May 5, 2012; East Rutherford, NJ, USA; UFC president Dana White (right) poses with Strikeforce MMA female champion Ronda Rousey during a bout between Johny Hendricks and Josh Koscheck during UFC on Fox 3 at the Izod Center. Mandatory Credit: Joe Camporeale-US PRESSWIRE
Breaking arms and breaking records.
Just another day at the office for Strikeforce Women's Bantamweight Champion Ronda Rousey, who successfully defended her 135-pound strap against former division titleholder Sarah Kaufman at the "Rousey vs. Kaufman" event last Saturday night (Aug. 18, 2012) on Showtime.
"She's unbelievable," according to Ultimate Fighting Championship (UFC) President Dana White.
So too, are the ratings for Strikeforce on the Showtime network, thanks to the appeal of Rousey, who helped the cable television network average 529,000 viewers for its Saturday night broadcast, according to Sherdog.com, which emanated from the Valley View Casino Center in San Diego, California.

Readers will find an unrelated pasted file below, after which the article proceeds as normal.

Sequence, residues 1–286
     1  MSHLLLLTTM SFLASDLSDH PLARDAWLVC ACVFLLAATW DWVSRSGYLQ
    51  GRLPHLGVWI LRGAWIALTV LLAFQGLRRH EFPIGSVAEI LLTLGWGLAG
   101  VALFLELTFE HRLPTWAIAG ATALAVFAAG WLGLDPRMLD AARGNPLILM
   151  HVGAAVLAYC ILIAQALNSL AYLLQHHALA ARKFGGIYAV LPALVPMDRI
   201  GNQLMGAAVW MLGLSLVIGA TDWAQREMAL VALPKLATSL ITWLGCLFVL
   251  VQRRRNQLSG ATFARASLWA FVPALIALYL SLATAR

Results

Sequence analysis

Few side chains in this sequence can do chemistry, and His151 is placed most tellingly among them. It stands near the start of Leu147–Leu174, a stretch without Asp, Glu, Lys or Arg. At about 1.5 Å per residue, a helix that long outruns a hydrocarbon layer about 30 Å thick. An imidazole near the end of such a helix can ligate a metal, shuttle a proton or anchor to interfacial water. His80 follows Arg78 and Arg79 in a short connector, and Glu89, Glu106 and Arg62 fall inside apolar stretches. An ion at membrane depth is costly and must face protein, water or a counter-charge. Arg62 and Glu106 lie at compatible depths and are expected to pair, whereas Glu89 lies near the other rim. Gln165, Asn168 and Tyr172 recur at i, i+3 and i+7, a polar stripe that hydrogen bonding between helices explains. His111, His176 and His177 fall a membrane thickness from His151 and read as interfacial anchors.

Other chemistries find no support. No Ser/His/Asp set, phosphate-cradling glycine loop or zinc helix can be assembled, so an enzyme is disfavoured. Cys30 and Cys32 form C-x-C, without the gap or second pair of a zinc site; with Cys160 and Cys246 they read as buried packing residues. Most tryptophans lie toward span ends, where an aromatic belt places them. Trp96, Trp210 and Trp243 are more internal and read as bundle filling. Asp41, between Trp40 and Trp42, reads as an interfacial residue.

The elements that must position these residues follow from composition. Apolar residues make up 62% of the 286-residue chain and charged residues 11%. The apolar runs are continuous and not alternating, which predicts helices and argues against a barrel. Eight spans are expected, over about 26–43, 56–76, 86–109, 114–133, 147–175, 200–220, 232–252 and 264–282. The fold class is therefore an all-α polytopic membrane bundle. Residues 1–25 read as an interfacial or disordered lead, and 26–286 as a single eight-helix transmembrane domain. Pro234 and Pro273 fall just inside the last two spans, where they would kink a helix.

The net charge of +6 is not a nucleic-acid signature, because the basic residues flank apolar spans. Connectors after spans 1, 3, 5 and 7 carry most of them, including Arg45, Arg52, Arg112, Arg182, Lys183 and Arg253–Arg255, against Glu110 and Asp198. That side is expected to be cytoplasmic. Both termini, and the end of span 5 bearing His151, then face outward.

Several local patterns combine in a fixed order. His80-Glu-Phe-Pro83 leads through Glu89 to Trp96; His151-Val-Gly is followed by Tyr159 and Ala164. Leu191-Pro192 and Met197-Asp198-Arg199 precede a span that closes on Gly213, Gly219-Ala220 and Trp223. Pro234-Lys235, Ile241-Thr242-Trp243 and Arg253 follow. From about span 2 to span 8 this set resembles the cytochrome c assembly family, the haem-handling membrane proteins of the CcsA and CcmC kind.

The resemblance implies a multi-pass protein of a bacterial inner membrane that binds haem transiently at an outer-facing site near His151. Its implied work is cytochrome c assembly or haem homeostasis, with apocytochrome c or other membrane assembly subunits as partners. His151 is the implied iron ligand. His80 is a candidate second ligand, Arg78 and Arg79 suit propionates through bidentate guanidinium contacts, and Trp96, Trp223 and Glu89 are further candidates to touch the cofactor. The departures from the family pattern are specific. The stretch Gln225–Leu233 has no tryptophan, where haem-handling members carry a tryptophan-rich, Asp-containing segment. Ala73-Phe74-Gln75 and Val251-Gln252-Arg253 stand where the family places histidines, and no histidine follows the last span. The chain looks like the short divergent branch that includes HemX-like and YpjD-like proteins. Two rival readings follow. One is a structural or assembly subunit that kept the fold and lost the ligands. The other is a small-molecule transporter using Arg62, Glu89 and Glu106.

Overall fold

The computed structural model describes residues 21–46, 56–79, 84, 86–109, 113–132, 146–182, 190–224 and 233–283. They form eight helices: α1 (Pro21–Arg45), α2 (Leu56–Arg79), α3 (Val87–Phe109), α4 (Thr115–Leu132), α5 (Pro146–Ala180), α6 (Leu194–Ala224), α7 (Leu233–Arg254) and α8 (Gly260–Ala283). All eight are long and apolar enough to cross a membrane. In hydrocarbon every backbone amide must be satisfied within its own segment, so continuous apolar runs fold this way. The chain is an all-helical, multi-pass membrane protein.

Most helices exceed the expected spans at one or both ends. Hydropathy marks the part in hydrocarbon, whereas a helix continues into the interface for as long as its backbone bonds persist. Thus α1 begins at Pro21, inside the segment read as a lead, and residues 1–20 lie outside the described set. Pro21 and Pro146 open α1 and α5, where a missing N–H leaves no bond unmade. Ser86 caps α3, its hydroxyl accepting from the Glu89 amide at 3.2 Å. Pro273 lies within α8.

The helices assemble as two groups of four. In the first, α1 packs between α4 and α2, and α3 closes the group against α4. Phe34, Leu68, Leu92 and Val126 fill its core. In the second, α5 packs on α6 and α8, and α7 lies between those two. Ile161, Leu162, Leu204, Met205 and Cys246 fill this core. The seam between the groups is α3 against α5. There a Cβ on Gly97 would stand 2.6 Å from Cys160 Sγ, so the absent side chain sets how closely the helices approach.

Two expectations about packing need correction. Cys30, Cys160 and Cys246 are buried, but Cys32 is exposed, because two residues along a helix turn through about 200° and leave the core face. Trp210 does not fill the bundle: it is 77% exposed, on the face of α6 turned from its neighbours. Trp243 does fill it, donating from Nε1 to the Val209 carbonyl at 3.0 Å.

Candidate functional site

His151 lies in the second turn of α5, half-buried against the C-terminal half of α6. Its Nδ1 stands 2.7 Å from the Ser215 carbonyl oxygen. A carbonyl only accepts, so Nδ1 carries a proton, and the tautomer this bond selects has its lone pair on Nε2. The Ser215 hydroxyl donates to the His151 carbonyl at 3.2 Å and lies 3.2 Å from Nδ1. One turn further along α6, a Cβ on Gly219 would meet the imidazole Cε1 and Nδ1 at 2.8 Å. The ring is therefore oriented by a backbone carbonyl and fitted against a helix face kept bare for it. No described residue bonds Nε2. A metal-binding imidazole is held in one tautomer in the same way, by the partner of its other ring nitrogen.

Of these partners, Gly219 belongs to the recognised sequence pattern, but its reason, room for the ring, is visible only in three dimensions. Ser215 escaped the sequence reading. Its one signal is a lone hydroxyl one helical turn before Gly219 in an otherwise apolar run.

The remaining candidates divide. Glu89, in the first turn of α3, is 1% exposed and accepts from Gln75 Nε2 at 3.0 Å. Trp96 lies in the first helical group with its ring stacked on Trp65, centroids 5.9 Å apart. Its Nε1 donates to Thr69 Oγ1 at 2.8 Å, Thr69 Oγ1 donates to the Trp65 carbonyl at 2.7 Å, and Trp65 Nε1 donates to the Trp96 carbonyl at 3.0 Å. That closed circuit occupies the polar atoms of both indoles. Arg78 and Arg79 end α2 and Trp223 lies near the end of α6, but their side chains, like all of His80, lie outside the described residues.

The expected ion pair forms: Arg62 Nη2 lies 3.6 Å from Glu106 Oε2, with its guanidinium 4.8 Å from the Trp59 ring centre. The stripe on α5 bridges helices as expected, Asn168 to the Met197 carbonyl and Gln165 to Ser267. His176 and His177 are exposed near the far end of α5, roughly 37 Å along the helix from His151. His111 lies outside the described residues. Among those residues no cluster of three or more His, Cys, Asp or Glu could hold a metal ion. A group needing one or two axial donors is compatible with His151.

The "Rowdy" one has also managed to generate mainstream interest for her exploits outside the Hexagon.
It should come as no surprise then, to hear White on a recent fan Q&A admit he's "warming up" to the idea of women's mixed martial arts (MMA).
That could also explain why he's been prancing around in this T-shirt.
White even went so far as to say he could envision a Ronda Rousey vs. Cris Cyborg fight as a future main or co-main event in the UFC, according to comments he made on the Dave and Mahoney radio show on Las Vegas' KXTE X107.5 FM. Unfortunately, that fight could never take place inside the Octagon, as both combatants are contracted to Strikeforce for the foreseeable future.
But there are plenty more where they came from.
Women's MMA, while prevalent overseas in Japan and Australia, is limited to mostly regional promotions in the United States, with the occasional superfight televised under the Strikeforce banner when one or more of its top stars, like Rousey, are available.
But the recent success of Invicta Fighting Championship could help tip the scales once and for all.